Venezuela

The latest attempt by the US to isolate the revolutionary government of Venezuelan President Hugo Chavez failed when the Organisation of American States general assembly meeting in Panama on June 4 refused the US demand to criticise and “investigate” Venezuela for supposed attacks on freedom of expression.
Under the banner of “For freedom of speech and against imperialism”, hundreds of thousands of Venezuelans took to the streets of Caracas on June 2 in defence of their revolution, and as a direct response to the domestic and international campaign being whipped up by Washington in the wake of the non-renewal of Radio Caracas TV’s (RCTV) broadcasting concession, dwarfing all of the opposition marches that had occurred in preceding days. Venezuelan President Hugo Chavez announced: “If the Venezuelan oligarchy believe that they will stop us with their threats, with their manipulations or with their destabilisation plans, forget it!”
On June 2, masses of people from different parts of the country descended on the streets of Caracas to march in support of the government of socialist President Hugo Chavez, and the new TV channel Venezuelan Social Television (TVes). TVes is broadcasting on Channel 2, previously used by RCTV — owned by multi-millionaire Marcel Granier — whose 20-year concession ran out on May 27. RCTV will continue on cable, but many Venezuelans feel that after helping organise the April 2002 coup against the elected government, RCTV is lucky to remain on air at all.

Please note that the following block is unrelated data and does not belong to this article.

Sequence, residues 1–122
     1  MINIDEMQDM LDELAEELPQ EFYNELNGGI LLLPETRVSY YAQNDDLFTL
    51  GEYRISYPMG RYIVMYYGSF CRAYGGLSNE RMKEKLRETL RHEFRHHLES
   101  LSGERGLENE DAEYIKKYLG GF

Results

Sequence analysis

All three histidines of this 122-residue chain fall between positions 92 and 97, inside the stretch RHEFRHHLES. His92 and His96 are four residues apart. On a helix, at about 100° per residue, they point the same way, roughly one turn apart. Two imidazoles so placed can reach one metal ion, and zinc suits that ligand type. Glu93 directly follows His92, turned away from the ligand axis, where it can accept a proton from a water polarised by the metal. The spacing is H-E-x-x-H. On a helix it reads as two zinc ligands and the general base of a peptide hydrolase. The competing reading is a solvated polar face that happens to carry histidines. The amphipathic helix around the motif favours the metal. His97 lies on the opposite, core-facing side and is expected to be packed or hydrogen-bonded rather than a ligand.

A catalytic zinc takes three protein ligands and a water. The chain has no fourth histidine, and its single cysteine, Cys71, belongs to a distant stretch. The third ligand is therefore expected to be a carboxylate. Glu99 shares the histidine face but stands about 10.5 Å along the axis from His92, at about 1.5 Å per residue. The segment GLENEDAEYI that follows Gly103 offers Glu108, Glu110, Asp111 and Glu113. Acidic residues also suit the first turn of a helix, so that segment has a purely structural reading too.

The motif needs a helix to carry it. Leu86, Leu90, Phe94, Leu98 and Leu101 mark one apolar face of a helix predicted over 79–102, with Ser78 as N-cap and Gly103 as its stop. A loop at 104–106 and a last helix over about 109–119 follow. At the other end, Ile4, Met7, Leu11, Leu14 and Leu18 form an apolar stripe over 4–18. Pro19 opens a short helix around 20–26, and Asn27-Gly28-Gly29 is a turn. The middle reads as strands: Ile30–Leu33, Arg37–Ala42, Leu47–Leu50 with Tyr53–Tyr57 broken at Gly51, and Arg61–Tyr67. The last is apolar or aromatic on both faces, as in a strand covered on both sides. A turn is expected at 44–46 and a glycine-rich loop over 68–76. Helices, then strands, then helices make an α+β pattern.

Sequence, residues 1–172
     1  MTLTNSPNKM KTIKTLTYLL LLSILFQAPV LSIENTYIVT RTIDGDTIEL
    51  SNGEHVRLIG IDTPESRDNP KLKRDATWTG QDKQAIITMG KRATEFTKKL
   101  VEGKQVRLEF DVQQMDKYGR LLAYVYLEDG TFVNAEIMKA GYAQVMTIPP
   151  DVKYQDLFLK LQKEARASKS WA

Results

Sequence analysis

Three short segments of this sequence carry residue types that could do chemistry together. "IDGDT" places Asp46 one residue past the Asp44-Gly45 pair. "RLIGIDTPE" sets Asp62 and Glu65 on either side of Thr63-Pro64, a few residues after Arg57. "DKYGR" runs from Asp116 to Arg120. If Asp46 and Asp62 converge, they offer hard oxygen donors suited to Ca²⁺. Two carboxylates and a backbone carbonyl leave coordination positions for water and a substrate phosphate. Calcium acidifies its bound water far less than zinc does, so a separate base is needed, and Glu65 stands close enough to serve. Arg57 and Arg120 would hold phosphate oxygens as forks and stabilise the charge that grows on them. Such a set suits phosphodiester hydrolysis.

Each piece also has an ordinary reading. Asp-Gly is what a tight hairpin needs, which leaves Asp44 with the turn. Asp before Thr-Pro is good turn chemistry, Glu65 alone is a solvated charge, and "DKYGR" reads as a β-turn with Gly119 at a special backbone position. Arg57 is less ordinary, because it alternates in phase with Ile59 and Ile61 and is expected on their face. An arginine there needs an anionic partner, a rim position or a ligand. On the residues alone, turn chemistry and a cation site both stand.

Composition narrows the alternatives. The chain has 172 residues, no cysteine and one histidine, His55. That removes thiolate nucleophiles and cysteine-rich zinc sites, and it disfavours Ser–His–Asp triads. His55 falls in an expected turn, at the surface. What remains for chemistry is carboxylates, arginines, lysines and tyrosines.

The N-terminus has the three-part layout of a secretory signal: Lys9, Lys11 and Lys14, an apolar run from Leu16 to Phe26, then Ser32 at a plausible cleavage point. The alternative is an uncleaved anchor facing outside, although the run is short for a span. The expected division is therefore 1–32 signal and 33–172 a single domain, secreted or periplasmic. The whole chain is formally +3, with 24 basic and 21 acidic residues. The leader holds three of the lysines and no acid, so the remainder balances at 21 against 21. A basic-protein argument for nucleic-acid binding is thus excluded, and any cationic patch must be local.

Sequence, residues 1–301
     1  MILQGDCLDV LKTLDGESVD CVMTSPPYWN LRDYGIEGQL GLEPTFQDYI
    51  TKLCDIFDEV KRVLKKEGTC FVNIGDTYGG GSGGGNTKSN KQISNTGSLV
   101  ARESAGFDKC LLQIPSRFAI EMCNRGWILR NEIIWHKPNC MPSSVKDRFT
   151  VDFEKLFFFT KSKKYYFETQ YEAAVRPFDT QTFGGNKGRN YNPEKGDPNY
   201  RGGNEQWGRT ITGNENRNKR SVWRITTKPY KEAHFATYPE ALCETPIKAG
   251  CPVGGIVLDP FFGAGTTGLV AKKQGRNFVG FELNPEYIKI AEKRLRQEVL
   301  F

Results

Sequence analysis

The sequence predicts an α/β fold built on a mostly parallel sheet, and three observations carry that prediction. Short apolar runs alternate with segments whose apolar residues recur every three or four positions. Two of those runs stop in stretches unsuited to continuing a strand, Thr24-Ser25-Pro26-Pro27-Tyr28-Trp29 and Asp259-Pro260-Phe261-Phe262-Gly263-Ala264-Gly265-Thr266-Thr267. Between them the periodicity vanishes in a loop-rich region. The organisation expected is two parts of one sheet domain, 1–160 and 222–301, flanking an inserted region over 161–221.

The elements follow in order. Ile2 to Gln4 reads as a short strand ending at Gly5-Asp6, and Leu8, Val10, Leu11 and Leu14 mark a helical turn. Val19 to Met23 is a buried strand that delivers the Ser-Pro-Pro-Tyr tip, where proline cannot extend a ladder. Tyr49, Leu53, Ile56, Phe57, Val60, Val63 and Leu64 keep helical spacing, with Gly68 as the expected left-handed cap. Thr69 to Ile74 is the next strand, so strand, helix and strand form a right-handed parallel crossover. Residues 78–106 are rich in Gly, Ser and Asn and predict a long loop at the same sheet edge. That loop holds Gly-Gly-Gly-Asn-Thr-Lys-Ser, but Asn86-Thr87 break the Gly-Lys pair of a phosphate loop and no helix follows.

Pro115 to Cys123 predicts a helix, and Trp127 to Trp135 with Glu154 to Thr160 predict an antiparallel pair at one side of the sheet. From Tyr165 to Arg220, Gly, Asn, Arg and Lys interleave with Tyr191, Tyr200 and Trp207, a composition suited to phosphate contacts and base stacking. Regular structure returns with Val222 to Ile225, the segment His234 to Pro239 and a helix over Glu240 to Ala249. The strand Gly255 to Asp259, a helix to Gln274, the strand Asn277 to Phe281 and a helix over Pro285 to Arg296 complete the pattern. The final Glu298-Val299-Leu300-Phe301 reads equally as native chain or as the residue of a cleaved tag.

Venezuela has been facing the most sustained campaign of destabilisation, including a barrage of media lies internationally and violent riots inside Venezuela, since the last serious attempt to overthrow the left-wing government of Hugo Chavez in 2004.
Led by the country’s socialist president, Hugo Chavez, the Venezuelan revolution is sending shockwaves through the corporate elite both within Venezuela and internationally. The Venezuelan people are waging a struggle to gain sovereignty over the country’s natural resources in order to rebuild the nation along pro-people lines.
May 27 will be end of the 20-year concession granted by the Venezuelan government to the RCTV corporation — owned by multi-millionaire Marcel Granier — to use the state-owned Channel 2 broadcasting signal. The Venezuelan government has announced that the channel will become a public station, similar to a number of stations in Europe, based on programs made by independent producers
Carora’s streets are much like other Latin American cities — bustling commerce on every corner, traffic, noise, people going about their daily routine. But there is something that distinguishes Carora and the Municipality of Pedro Leon Torres from any other municipality I’ve visited in Latin America, and in particular, any other in Venezuela. The city is on a path to democratise and transform its entire governance system, from the bottom up — led by the current Mayor Julio Chavez (no relation to President Hugo Chavez).
Venezuela’s socialist President Hugo Chavez threatened a round of new nationalisations when he announced fresh plans on May 3 to develop Venezuela’s economy along pro-people lines. This followed the May 1 nationalisations of oil projects in the Orinoco Belt, believed to be home to the world’s largest oil reserves, which gave the state-owned oil company PDVSA at least 60% controlling share of existing ventures owned by five oil multinationals, worth US$17 billion.